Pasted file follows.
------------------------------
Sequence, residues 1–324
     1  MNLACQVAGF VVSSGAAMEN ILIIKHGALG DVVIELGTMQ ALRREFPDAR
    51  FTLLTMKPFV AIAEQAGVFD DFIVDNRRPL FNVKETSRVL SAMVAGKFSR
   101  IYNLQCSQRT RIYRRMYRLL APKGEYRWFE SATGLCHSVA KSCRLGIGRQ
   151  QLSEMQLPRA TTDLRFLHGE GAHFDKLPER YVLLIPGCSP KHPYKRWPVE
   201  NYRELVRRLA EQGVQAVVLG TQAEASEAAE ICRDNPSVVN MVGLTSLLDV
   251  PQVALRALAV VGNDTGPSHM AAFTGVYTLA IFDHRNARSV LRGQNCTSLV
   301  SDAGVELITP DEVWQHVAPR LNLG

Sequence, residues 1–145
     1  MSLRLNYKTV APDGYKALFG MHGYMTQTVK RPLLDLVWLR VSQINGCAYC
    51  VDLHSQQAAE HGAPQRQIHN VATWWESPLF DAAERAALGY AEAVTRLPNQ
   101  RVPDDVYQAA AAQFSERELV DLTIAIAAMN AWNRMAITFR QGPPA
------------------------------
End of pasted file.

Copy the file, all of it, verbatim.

Sequence, residues 1–324
     1  MNLACQVAGF VVSSGAAMEN ILIIKHGALG DVVIELGTMQ ALRREFPDAR
    51  FTLLTMKPFV AIAEQAGVFD DFIVDNRRPL FNVKETSRVL SAMVAGKFSR
   101  IYNLQCSQRT RIYRRMYRLL APKGEYRWFE SATGLCHSVA KSCRLGIGRQ
   151  QLSEMQLPRA TTDLRFLHGE GAHFDKLPER YVLLIPGCSP KHPYKRWPVE
   201  NYRELVRRLA EQGVQAVVLG TQAEASEAAE ICRDNPSVVN MVGLTSLLDV
   251  PQVALRALAV VGNDTGPSHM AAFTGVYTLA IFDHRNARSV LRGQNCTSLV
   301  SDAGVELITP DEVWQHVAPR LNLG

Sequence, residues 1–145
     1  MSLRLNYKTV APDGYKALFG MHGYMTQTVK RPLLDLVWLR VSQINGCAYC
    51  VDLHSQQAAE HGAPQRQIHN VATWWESPLF DAAERAALGY AEAVTRLPNQ
   101  RVPDDVYQAA AAQFSERELV DLTIAIAAMN AWNRMAITFR QGPPA